Give attention to your appearance and manner
First impressions count and often have a lasting effect. An impression will already have been made before you open your mouth to respond to any questions, so think how you make your entrance and greet the interviewers. Be friendly and polite and do your best to appear confident but not over-confident or cocky.
Ensure that your appearance is professional and smart.
- appropriate clothes are essential – if in doubt err on the side of smartness
- avoid extremes of colour or pattern in clothes – dark or neutral colours are usually appropriate, although this may depend on the culture of the organisation
- finer points including hair, nails and shoes should not be overlooked
- avoid too much scent or after-shave
- avoid smoking or eating spicy foods directly prior to the interview.
Prepare for questioning
Using the research you have gathered (see section 2 above), think about the questions you may be asked, and prepare appropriate answers. Some very general questions such as “Tell me a bit about yourself.” can be difficult to handle. When responding to such questions, bear in mind that the interviewer is not interested in your life history as such, but is trying to assess whether you are suitable for the job in question and whether you are able to communicate clearly and effectively. Your answers should be focused and include real-world examples. However be careful that they do not sound over rehearsed.
Typical questions may include:
- Self-assessment: What can you do for us that someone else can’t? Why should we appoint you? What are your strengths and what limits you? How would you describe your own personality? How do you react to pressure and deal with deadlines?
- Work history and experience: Tell me a little about yourself. Why are you leaving your present position? What have been your successes? What were your failures?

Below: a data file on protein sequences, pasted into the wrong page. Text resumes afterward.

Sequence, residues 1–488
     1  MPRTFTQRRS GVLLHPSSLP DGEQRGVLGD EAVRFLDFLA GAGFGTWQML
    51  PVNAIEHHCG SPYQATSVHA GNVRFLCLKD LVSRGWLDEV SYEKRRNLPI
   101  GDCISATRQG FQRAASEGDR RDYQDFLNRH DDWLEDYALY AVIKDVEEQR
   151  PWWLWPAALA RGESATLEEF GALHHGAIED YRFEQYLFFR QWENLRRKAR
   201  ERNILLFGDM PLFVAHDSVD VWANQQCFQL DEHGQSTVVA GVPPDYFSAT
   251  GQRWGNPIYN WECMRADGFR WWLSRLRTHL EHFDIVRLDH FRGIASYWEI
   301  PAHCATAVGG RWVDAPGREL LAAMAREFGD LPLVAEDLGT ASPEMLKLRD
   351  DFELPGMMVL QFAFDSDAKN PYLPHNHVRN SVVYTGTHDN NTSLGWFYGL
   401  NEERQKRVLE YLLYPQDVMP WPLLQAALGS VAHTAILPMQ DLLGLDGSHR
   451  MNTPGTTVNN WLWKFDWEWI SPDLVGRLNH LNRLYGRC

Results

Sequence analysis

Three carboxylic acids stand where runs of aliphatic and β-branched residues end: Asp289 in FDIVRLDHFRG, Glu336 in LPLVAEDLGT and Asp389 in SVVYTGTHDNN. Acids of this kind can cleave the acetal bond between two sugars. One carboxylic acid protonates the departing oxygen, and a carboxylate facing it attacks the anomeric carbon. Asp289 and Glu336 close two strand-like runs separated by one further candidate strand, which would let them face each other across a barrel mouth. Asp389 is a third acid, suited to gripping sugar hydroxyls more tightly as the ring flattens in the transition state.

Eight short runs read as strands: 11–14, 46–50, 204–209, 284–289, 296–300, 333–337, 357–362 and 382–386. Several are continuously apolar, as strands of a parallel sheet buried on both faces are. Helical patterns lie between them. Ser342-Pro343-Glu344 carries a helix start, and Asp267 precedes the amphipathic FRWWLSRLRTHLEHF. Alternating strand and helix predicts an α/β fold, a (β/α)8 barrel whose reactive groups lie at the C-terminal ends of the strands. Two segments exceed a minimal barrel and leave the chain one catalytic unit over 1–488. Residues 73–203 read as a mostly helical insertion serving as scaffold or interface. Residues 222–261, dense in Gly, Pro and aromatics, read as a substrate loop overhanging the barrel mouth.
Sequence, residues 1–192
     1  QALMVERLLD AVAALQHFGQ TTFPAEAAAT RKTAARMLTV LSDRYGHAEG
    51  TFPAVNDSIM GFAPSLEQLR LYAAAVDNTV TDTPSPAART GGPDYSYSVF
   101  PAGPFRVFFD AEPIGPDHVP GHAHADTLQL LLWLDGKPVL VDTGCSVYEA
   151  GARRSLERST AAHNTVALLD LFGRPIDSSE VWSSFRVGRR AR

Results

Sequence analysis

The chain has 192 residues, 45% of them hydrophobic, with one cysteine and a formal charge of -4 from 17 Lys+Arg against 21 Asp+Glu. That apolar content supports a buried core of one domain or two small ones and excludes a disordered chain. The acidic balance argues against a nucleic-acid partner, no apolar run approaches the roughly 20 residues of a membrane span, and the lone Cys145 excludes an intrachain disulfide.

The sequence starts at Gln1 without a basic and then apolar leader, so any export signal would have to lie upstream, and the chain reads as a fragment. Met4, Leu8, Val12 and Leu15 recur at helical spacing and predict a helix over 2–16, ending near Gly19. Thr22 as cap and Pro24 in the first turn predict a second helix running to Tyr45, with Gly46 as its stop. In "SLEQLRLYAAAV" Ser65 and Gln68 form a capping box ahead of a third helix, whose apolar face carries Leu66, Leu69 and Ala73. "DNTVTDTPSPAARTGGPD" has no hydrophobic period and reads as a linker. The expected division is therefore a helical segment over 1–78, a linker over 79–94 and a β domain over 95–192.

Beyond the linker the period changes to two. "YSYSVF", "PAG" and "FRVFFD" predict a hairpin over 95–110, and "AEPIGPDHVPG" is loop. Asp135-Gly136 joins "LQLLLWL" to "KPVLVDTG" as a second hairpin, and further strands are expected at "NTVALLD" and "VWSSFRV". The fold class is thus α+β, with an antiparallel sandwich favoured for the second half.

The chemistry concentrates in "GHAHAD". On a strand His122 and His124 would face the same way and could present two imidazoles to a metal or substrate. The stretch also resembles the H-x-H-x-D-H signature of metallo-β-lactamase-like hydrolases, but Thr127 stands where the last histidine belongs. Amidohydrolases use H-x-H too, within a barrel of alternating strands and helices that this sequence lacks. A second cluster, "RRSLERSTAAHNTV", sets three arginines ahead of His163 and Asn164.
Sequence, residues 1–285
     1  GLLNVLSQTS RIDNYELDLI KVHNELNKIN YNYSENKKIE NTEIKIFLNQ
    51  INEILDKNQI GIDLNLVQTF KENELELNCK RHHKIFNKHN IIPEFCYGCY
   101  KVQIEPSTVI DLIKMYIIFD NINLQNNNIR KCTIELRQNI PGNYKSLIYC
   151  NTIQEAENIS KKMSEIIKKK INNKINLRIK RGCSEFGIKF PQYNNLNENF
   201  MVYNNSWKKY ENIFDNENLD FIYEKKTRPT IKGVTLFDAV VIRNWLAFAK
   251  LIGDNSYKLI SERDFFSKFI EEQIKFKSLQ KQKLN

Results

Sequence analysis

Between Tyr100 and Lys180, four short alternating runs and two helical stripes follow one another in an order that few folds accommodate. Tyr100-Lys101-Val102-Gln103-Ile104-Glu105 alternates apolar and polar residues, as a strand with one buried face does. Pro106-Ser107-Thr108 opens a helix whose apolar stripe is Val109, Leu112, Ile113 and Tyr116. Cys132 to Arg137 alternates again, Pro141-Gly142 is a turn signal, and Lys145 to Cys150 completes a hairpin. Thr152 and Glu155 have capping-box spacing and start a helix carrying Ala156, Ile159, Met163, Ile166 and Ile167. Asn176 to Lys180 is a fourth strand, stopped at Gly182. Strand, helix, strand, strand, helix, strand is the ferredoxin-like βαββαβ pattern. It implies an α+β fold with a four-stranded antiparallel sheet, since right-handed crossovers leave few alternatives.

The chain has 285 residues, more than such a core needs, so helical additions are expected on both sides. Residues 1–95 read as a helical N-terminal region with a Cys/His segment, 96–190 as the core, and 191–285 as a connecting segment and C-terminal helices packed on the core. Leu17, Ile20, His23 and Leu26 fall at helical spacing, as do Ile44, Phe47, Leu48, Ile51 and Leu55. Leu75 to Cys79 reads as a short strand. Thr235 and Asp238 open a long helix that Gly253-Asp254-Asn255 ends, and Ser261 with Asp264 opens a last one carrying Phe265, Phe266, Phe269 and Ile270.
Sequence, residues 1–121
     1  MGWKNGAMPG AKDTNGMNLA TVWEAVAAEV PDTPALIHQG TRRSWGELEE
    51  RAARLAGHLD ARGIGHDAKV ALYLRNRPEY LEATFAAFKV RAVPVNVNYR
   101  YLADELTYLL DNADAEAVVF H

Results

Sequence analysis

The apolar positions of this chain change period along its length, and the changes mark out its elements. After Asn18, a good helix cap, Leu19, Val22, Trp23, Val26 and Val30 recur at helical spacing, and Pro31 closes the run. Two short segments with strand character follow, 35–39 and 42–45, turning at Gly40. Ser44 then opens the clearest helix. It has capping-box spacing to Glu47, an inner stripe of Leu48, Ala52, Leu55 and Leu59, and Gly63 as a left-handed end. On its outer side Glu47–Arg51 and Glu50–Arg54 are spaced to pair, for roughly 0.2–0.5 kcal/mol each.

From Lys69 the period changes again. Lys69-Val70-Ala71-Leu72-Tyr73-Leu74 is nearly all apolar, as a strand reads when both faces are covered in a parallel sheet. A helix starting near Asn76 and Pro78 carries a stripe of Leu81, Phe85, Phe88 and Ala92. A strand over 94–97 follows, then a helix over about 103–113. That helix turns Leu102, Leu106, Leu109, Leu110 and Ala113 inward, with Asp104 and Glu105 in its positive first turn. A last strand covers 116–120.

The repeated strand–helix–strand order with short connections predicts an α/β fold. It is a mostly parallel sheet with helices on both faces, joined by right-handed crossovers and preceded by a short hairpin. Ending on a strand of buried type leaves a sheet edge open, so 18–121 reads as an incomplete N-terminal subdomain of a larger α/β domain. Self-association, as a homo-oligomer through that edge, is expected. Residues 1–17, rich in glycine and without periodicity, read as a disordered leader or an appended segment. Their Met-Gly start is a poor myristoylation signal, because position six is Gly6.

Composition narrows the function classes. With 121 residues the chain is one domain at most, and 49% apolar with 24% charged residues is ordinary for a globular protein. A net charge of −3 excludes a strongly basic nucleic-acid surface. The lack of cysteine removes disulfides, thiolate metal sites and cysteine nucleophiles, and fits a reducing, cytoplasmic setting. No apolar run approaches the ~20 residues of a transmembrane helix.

- Organisation: How much do you know about our organisation? How long would it take you to make a meaningful contribution to our organisation? What would that contribution be? What important trends do you see in our industry?
- Job: Why do you want to work for us? What do you find most attractive about this position? What seems least attractive to you? What do you look for in a job? How do you see your professional future?
- Management style: What is your management style? Are you a good manager and why? What do you think is the most difficult thing about being a manager? If I spoke to your former boss, what would they say were your strengths and weaknesses?
- General interests and knowledge: What was the last book you read, film you saw, sporting event you attended? What do you do to relax?
At the interview
Before the interview begins, there are certain steps to take which will help you succeed:
- arrive at your interview with sufficient time to enable you to relax a little beforehand
- when meeting the interviewer(s), smile and use good eye contact
- use good body language (sit upright and lean slightly forward) to convey your interest and alertness
- avoid nervous mannerisms which will be irritating and distracting, e.g. fidgeting with your hands, repeatedly crossing and uncrossing your legs etc.
Bear in mind that interview questions are designed to find out about you and your suitability for the post. Listen attentively and answer succinctly. If you do not understand a question, ask for clarification.
- keep to the point
- structure your answer so that it is logical and easily understood
- maintain good, but not excessive, eye contact
- speak out with confidence and ensure you can be heard clearly
- look prepared and have appropriate information to hand
- project interest in the organisation and job, and be interesting in your replies and questions
- be honest: be honest about your limitations, and do not exaggerate accomplishments.
Answer the questions in a way which demonstrates your qualities. Use statements which:
- are assertive
- begin “I am…” Avoid the trap of saying “We…” rather than “I…“
- show that you are proud of your achievements.
Prepare your own questions
Remember that you are interviewing the employer at the same time as they are interviewing you. The interview is an opportunity for you to discover if this is a job you would enjoy and/or an organisation at which you would feel comfortable working.
Again, based on the information you have gathered, prepare some questions of your own in advance, relating to the job or the organisation. This helps to demonstrate your interest. Your questions should not relate exclusively to money or conditions of employment.
Deal positively with the closing moments of the interview
Last impressions are important. Thank the interviewers for their time, re-affirm your interest in the position and state that you look forward to hearing from them in the near future.
Acknowledgement: CMI Management Direct